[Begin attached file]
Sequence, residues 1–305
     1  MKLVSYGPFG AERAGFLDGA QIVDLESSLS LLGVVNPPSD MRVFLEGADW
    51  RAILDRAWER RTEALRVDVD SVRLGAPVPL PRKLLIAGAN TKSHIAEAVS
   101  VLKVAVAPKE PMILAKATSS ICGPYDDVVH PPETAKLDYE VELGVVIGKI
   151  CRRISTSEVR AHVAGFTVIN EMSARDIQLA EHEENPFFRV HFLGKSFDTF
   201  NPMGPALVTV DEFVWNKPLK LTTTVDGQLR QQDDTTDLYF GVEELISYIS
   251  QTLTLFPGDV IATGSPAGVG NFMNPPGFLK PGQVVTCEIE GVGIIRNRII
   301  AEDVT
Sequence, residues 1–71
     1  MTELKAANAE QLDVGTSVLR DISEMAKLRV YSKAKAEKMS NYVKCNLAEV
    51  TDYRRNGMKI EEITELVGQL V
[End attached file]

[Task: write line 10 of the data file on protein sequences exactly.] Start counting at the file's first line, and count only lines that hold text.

     1  MTELKAANAE QLDVGTSVLR DISEMAKLRV YSKAKAEKMS NYVKCNLAEV